Before the Dartmoor hills you leave, – Come taste the ale of Richard Cleave, Or if your spirits you would cheer, – Then try the spirits he sells here, – If hungry there is Dartmoor fare, – The sauce shall be the Dartmoor air, – And if fatigued and seeking rest, Then stay, and be a welcomed guest; – Your wants supplied the host will see, – And treat you with civility. -1890.
Today, probably the most famous thing about Hexworthy is that Pen Hadow, the first person to trek solo and unsupported from northern Canada to the geographic North Pole lives there. But a century or so ago a famous Dartmoor explorer often stayed at Hexworthy and in particular at the Forest Inn. William Crossing often mentions the place in many of his books and it is not hard to see his love for the place. “It is far and away the finest view within the forest of Dartmoor,” .Crossing, 1987, p.111. “From the Forest Inn at Hexworthy the beholder looks upon one of the finest scenes on Dartmoor,” Crossing 1990, p.456.”I know of no more interesting view in the whole of Dartmoor than is to be obtained from the door of the Forest Inn at Hexworthy… but for interest and beauty, and an exhibition of the mingling of wildness with the efforts of the cultivator, none can surpass it within the bounds of the moor,” Crossing 1974, p.59.
The inn started life in the 1850’s as an angler’s ale house at which time Richard Cleave applied for a licence to sell ale and liquor, Hemery 1983, p.140. Originally the inn was to be called the ‘Forest Arms’ but the name was changed a few minutes before applying for the licence, Crossing, 1966, p.31. Presumably his clientele at this time would have consisted of the tin miners from the nearby Gobbet Plains. As can be seen below, the original building was thatched but a fire in 1913 soon put paid to that. Fortunately a small section to the right of the old building was left and this was then incorporated into the new refurbished, tiled inn which was re-opened in 1916, Quick,1992, p.46. In 1933 it was reported that the Forest Inn was constructing a tennis court, this at a time when many of the other Dartmoor hotels were providing modern amenities.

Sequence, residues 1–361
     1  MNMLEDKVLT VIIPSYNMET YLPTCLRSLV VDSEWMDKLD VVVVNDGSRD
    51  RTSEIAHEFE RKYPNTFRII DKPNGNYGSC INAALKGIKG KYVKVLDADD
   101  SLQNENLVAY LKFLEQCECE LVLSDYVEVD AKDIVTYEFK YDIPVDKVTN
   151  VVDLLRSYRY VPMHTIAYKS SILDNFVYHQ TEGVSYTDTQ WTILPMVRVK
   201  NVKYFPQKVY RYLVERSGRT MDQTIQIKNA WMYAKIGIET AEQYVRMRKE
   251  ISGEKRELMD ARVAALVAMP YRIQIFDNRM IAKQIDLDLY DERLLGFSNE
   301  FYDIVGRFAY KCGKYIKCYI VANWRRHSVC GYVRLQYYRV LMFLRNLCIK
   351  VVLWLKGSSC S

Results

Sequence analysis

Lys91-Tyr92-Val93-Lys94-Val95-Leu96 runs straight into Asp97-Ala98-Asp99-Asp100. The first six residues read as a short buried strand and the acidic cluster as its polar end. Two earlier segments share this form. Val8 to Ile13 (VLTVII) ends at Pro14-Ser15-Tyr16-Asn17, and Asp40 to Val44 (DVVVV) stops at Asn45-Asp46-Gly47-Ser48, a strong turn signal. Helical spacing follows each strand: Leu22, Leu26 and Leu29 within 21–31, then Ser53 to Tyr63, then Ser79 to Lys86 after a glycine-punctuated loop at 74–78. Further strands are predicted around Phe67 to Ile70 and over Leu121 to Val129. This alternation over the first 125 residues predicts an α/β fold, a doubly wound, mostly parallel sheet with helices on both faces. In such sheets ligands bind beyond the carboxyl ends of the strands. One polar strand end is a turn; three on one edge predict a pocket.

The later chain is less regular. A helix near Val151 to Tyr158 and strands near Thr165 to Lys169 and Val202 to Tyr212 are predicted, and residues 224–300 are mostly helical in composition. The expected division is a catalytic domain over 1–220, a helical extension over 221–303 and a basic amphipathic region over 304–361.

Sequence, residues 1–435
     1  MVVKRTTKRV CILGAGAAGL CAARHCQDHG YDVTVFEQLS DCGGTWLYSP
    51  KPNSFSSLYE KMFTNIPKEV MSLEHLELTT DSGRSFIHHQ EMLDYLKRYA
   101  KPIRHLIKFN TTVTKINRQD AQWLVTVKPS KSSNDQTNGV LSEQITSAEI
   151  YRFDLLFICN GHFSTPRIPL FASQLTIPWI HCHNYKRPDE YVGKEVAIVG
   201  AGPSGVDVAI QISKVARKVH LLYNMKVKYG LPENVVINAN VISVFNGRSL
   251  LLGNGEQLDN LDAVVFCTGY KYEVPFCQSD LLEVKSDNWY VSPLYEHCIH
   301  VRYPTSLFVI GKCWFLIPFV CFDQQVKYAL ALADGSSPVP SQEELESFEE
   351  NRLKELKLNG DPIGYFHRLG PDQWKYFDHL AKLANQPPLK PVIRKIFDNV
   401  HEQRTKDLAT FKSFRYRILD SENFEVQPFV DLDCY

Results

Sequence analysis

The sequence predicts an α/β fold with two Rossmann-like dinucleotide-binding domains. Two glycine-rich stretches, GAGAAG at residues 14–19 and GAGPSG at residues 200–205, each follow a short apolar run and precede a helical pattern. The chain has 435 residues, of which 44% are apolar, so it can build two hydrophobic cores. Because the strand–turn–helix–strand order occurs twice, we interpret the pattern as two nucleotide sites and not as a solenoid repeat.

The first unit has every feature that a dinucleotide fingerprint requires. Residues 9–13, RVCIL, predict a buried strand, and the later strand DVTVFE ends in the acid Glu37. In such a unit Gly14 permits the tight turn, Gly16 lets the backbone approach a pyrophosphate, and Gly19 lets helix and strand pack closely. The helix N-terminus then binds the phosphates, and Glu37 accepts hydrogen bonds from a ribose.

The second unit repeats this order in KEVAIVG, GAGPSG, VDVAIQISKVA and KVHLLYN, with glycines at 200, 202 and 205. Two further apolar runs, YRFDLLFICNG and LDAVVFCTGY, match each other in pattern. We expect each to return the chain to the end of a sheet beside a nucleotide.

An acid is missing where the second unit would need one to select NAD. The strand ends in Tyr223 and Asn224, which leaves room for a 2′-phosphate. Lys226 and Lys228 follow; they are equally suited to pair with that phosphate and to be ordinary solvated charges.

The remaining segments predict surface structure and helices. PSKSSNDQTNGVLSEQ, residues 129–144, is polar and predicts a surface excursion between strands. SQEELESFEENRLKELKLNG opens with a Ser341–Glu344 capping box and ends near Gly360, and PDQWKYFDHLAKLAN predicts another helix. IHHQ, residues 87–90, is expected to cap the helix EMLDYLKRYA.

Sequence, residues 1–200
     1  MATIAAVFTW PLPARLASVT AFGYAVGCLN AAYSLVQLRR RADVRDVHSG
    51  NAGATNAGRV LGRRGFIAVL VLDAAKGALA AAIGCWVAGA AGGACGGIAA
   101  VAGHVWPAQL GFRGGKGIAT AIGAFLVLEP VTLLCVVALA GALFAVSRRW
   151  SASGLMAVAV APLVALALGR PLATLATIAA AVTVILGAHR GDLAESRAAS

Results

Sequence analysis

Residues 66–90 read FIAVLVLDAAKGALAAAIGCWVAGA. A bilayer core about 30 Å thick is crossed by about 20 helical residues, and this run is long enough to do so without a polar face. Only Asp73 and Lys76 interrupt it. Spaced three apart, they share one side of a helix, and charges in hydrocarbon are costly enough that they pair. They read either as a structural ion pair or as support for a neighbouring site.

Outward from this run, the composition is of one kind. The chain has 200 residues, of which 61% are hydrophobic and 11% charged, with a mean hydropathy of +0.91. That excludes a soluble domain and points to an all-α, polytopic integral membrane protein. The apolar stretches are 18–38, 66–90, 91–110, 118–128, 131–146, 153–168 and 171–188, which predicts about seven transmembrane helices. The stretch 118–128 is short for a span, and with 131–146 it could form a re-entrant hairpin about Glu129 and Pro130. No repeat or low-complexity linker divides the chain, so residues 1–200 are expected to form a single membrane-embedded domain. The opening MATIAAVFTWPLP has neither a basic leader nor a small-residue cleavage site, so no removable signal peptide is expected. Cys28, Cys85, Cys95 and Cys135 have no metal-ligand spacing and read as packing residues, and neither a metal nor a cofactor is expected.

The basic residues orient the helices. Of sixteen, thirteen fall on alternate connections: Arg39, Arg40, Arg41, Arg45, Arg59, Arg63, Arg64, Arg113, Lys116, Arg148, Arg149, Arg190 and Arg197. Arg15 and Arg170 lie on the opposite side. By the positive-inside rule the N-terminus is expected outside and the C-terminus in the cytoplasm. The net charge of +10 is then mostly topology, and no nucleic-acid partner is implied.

During the time of Crossing’s patronage Richard Cleave was still the landlord who according to Mr. Crossing, “offers shelter and homely fare to the traveller,” a fact at time which Crossing took to the extreme. There are several occasions where Crossing relates how he had unexpectedly stumbled through the door late at night and received hot food. In one case not only did he arrive late but he then went down to fetch a nearby neighbour back for a late night ‘ramsammy’. Some of his ‘stays’ at the inn could be quite lengthy such as in 1878 when he resided at the inn for several months. He also relates,1966, p.30, how the need for a new sign prompted him to put his artistic skills to the test by actually painting one which was later hung outside. Crossing also mentions an old sheep dog called ‘Help’ who was the pub dog and it is interesting to note that in an early photograph of the inn there is indeed a sheep dog sprawled across the bottom of the picture – see here. One sad event took place at the Forest Inn in 1895 when Richard’s son Moses; “died from the effects of a wound in the throat, inflicted by himself on the previous Sunday. The rash act was committed by the deceased in his bedroom, he having gone to lay down for a rest. He was about 30 years of age, and had only been married a short time. It is stated the poor fellow met with an accident some time ago, and that he had suffered in his head ever since.” Exeter & Plymouth Gazette, Monday 5th of August, 1895. In recent years the inn has been expanded which has meant the demolition of the last remaining section of the original structure. The inn has always and continues to lay in the ownership of the Duchy of Cornwall which they then lease out. The inn has also the luxury of its own water supply from a well which is located above the main building. Tradition has it that a man was digging near to the inn when all of a sudden water began to bubble up from the ground, from that day it was said that this spring never ran dry, Crossing,1997, p.68. Now whether or not it’s the same water source as the inn uses I know not, but I do know that at one time in very hot weather the inn’s spring has been known to dry up. By the 1920’s the inn was owned by Trust Houses and in those days a single room would cost seven shillings and a double twelve shillings and sixpence. Breakfast would set you back three shillings and dinner five shillings. This very inspiring advert appeared in the Times newspaper in 1924: